For 10 years, the British Wildlife Photography Awards have celebrated the rich ecosystems found across Britain. The 2019 winners take a diverse approach to wildlife photography; but, in their own way, they help pay homage to local fauna and prove that award-winning photography doesn’t require an exotic location.
In celebration of its ten-year anniversary, the competition honors the sea by expanding its Coast and Marine category into four divisions based on the British coastline. By including special awards for Wales, Scotland, England, and Northern Ireland and the Coast of Ireland, the contest hopes to increase conservation awareness. An additional 11 categories, including two youth awards, allow photographers to highlight everything from a garden spider to the dramatic plight of an injured European hedgehog.
Interestingly, the top photograph doesn’t take place in a lush green setting, as one might imagine. Instead, Daniel Trim’s haunting image of a Grey heron in urban London took home the overall award. Hunting for small fish trapped in the cover of a bridge, the bird wades through litter and leaves, as rays of light beam onto its face. Standing behind the grill, it appears to be trapped behind bars. Technically stunning and artistically moving, Trim’s photograph earned him a £5,000 prize.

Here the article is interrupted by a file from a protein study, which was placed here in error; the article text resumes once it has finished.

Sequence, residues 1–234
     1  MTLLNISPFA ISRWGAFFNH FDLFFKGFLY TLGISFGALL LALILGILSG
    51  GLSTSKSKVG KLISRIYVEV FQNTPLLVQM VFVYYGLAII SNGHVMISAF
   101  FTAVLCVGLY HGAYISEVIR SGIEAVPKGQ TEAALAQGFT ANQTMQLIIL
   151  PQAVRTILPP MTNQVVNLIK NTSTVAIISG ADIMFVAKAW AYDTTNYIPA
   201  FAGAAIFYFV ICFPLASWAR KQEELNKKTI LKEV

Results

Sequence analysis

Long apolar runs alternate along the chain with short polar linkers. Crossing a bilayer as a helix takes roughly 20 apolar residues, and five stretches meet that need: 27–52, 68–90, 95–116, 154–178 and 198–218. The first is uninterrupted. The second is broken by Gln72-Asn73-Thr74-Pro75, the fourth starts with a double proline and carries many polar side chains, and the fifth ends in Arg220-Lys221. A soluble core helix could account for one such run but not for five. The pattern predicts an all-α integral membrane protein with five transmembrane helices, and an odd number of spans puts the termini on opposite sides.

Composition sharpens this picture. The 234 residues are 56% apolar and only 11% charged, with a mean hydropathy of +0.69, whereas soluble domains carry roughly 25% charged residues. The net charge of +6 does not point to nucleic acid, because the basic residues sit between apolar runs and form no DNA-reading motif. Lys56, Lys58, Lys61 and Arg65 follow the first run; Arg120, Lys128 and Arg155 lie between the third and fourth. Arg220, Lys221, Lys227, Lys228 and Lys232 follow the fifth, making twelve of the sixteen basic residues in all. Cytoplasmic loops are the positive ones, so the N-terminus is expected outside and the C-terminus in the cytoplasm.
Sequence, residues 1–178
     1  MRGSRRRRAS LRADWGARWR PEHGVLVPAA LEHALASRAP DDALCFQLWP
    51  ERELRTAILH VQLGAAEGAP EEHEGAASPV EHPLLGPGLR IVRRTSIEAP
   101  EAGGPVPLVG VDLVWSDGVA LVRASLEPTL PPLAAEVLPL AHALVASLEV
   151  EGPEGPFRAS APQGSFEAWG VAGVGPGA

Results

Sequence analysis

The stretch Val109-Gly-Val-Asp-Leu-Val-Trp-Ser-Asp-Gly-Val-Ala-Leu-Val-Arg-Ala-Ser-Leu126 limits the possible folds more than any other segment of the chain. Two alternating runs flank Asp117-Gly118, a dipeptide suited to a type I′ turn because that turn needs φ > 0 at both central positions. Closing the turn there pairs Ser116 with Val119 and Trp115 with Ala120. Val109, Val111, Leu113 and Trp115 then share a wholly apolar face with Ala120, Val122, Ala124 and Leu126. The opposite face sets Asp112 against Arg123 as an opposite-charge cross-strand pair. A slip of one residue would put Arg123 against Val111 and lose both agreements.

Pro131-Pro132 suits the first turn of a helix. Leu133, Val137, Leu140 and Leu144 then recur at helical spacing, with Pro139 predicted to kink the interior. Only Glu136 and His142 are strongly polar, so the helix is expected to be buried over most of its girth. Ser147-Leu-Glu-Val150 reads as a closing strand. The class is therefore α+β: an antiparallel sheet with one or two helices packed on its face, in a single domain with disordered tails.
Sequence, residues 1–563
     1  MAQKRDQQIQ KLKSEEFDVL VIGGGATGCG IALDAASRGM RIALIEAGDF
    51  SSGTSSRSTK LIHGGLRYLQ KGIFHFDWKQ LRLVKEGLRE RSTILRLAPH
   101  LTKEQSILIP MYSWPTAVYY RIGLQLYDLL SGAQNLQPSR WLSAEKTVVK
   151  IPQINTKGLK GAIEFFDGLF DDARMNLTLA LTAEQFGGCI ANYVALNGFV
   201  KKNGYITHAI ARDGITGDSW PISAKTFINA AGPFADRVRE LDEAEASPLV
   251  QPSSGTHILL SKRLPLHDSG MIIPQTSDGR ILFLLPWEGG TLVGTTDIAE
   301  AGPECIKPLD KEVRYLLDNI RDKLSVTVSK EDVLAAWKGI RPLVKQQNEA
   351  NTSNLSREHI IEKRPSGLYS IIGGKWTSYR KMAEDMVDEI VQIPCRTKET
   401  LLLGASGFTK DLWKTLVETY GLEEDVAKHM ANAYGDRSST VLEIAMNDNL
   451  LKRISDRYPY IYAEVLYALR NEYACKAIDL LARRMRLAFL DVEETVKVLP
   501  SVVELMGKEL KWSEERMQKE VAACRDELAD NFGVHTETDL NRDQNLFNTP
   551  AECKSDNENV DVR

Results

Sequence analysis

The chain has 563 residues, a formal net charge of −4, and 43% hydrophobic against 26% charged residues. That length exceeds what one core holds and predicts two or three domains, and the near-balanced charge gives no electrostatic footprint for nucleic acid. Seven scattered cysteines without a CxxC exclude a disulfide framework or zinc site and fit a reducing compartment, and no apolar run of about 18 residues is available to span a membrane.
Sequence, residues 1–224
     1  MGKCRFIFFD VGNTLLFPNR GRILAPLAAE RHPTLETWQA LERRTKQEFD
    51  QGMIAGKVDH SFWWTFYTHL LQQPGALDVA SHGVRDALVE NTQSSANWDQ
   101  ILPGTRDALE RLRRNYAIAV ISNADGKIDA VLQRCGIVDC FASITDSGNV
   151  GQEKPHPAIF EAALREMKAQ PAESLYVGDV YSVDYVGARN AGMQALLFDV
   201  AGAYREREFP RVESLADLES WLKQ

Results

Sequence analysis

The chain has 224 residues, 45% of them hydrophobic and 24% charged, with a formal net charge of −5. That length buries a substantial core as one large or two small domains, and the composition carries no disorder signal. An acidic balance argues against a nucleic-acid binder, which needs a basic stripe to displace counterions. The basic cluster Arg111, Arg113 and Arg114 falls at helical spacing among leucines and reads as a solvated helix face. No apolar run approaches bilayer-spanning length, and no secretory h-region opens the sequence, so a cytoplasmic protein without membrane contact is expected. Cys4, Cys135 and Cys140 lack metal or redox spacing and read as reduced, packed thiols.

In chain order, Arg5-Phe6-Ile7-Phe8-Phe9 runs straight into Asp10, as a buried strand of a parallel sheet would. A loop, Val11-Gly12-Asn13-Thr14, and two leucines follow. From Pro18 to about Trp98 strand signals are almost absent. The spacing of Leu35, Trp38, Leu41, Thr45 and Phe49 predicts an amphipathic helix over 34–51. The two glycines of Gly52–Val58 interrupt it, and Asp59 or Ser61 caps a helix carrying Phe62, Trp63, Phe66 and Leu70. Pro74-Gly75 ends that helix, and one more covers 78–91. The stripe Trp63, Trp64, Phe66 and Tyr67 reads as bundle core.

“Who needs penguins or polar bears when we have puffins and badgers? With so many photographers scouring the globe for exotic megafauna, it’s easy to forget how much wildlife we have in our own small and densely populated backyard,” says zoologist Mark Carwadine, who is part of the judging panel. “Just look up–from behind your desk, the kitchen sink or inside your car–and the chances are you will see a wild creature of one kind or another. A red fox running across a field, a blue tit on the bird table, or a red kite over the motorway. We are very fortunate in having an outstanding biodiversity in this country.”
A traveling exhibition of over 100 images, including the winning and commended entries, is currently on view across Britain. The British Wildlife Photography Awards 10 coffee table book published by Ammonite is also available online and in bookstores across Britain.
2019 is the tenth anniversary of the British Wildlife Photography Awards.
This year there is a special focus on Britain’s coasts and marine life, with four categories spotlighting this topic.
Paul Sawer’s four-photo series of a Blue Tit won the Seasons category.
The plight and recovery of a European hedgehog took home the top prize in the Documentary series category.
My Modern Met granted permission to feature photos from British Wildlife Photography Awards.
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